Richard moves his focus to audio next unpacking the term NGA talking about surround sound and object oriented sound. He notes that renderers are very advanced now and can analyse a room to deliver a surround sound experience without having to place speakers in the exact spot you would normally need. Options are important for sound, not just one 5.1 surround sound track is very important in terms of personalisation which isn’t just choosing language but also covers commentary, audio description etc. Richard says that audio could be delivered in a separate pipe (PLP – discussed previously) such that even after the
video has cut out due to bad reception, the audio continues.

The talk finishes looking at accessibility such as picture-in-picture signing, SMPTE Timed Text captions (IMSC1), security and the ATSC 3.0 standards stack.

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Richard Chernock Richard Chernock
Former CSO,
Triveni Digital

Video: ATSC 3.0 Part II – Cutting Edge OFDM with IP

RF, modulation, Single Frequency Networks (SFNs) – there’s a lot to love about this talk which is the second in a series of ATSC seminars however much is transferable to DVB. Today we’re focussed on transmission showing how ATSC 3.0 improves on DVB-T, how it simultaneously delivers feeds with different levels of robustness, the benefits of SFNs and much more.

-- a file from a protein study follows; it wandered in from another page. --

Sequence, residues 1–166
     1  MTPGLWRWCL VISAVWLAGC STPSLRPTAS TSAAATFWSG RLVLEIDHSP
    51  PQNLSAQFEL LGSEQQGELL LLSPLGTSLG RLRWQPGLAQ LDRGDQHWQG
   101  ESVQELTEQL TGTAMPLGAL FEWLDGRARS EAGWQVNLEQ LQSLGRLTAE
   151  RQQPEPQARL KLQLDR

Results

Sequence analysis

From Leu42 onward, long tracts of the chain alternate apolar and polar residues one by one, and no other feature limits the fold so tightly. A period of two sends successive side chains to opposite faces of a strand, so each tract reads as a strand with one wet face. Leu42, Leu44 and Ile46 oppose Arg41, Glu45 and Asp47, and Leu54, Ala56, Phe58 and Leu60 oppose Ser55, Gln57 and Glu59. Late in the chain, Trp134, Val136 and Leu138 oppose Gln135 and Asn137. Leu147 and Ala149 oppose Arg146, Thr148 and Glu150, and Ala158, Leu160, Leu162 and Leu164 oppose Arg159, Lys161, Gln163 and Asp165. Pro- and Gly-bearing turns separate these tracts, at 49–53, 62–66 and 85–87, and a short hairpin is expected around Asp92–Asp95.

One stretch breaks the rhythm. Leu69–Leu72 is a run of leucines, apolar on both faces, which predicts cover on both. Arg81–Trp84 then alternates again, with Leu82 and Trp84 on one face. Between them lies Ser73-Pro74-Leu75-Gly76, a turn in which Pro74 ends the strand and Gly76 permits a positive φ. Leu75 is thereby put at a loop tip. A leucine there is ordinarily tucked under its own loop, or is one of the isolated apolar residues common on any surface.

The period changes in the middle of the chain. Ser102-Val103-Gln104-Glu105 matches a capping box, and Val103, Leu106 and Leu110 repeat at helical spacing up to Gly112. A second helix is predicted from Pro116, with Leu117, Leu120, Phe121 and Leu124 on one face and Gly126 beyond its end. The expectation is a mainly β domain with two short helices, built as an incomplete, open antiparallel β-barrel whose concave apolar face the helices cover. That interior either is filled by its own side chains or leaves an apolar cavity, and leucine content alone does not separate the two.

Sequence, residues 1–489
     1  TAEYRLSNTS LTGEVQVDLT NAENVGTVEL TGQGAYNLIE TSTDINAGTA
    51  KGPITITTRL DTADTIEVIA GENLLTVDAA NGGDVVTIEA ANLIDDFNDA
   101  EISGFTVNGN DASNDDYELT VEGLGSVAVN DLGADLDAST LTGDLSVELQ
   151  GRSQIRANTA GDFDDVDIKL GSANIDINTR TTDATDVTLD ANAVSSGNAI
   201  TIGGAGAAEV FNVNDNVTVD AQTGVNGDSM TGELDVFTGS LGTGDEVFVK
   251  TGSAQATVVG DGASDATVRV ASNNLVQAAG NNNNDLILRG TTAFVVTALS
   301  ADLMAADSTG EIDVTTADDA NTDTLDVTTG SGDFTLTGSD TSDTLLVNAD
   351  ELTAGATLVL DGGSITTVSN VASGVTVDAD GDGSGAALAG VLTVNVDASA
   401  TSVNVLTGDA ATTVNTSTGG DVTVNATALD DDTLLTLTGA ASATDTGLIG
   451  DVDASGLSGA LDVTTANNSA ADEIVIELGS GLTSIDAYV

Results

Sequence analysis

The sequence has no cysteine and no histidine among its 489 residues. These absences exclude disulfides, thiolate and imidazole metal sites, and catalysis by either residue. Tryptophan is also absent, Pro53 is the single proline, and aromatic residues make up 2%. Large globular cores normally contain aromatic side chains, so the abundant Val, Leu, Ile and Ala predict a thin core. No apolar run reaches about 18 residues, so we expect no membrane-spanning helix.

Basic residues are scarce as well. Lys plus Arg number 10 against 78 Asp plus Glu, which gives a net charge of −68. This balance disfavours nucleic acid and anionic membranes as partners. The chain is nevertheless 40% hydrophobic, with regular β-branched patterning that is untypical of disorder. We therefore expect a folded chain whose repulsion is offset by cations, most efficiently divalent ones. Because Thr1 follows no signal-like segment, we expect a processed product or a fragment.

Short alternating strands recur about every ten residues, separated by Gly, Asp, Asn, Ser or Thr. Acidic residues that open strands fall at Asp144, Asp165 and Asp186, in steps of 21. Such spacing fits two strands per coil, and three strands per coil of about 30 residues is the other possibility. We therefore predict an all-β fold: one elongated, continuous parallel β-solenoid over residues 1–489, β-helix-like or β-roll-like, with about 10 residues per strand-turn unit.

In the second in this series of ATSC 3.0 talks, GatesAir’s Joe Seccia leads the proceedings starting by explaining why ATSC 3.0 didn’t simply adopt DVB-T2’s modulation scheme. The answer, explained in detail by Joe, is that by putting in further work, they got closer to the Shannon limit than DVB-T2 does. He continues to highlight the relevant standards which comprise the ATSC 3.0 standard which define the RF physical layer.